On Labor Day weekend of 1990, I camped at Caddo Lake with my soon-to-be ex, C. Our tentsite was on a place called Saw Mill Pond, and a pier out into the pond offered fishing. I had a small rod and reel, though I was not in any way experienced at fishing. On one walk out to the end of the pier, I noticed a school of vivid sunfish clearly visible in the tannin-colored water. I went back to my tent, got my tackle, stuck a ball of bread on the end of a small hook, and dropped it into the busy sunfish.
I was able to watch as a fish darted forward and closed her mouth over the hook. I jerked backward, pulling her out of the water. I was immediately horrified at what I had done -- she was far too small to eat, and I had no stomach for cleaning a fish that was edible. Clumsily and with some revulsion, I managed to get the hook out of her mouth -- leaving damage, and blood on my fingers. I dropped her back into pond and was relieved to see her swimming with only a mild display of shock.
I went on watching the school for a while, trying to imagine what their world was like, how they saw things, how their bodies felt. I remembered reading about Wart in The Sword in the Stone, and wondered if metamorphosis was a skill our ancestors possessed that we've lost. Then, inexplicably, I dropped my hook -- still having a bit of bread on the hook -- back into the water.
A fish who might have been the same one hoodwinked before lunged for the morsel. I managed to react in time and keep from impaling her again. I set the rod down on the pier beside me and sat, my legs dangling, my hands shaking, as I tried to figure out why I had just repeated an action I found abhorrent. I really wanted to catch that fish, just to prove that I could.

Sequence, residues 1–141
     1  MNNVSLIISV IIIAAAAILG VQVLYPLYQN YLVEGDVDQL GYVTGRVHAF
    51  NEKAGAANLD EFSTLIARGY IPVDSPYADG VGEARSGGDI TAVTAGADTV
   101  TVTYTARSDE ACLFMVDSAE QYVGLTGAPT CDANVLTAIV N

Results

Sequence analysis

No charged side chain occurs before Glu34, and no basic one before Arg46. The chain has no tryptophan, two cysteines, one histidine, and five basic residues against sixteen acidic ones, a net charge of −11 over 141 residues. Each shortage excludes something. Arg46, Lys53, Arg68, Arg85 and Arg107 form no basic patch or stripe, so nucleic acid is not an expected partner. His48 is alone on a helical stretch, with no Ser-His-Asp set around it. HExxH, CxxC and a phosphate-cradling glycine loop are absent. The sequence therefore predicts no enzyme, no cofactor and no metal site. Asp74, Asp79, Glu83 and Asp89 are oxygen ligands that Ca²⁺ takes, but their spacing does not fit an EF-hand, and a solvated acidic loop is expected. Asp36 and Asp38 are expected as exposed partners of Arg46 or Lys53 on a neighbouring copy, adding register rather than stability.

This sense memory has been coming up for me a lot lately -- the cast of the afternoon light, the sound of water lapping against the pier, the dark depths below the sunlit level of the sparkling small fish, and my hunger for something I didn't understand.
This week I read an interview with Ken Burns, the documentary maker, talking about how the art of narrative is on the decline in this country. He feels storytelling, and its corollary, listening to stories, has been overshadowed and too often replaced by punditry and the braying of opinions. Certainly my approach to writing (in any genre) is founded on an acute desire to tell stories, and I tend to see them as the bedrock upon which symbolism and meaning can be extracted by the listener or reader -- it's not up to me to tell you what my stories mean, it's my job to tell them well enough so you experience it with me and make it your own.
So, for you to comprehend some of the importance of the sunfish incident, it seems likely you'll need to know more of the story.
That weekend trip was, with few exceptions, ghastly. It was a last-ditch effort for the two of us to spend time together without fighting constantly, and we imagined getting out into nature would assist us in this goal. We settled on Caddo Lake because C., my partner, was currently fixated on kayaking and she wanted the two of us to go canoeing somewhere.
Caddo is the only natural lake in Texas. According to Caddo legend, it was formed after a major earthquake, likely from the Madrid Fault, rent the earth next to the river. It is ancient and contains a deluged forest in its bottoms.
(Caddo Lake corridor)
C. borrowed a collapsible canoe from a gay man at Quaker meeting and assembled it in our garage, insisting we should transport it already together instead of in its more portable state.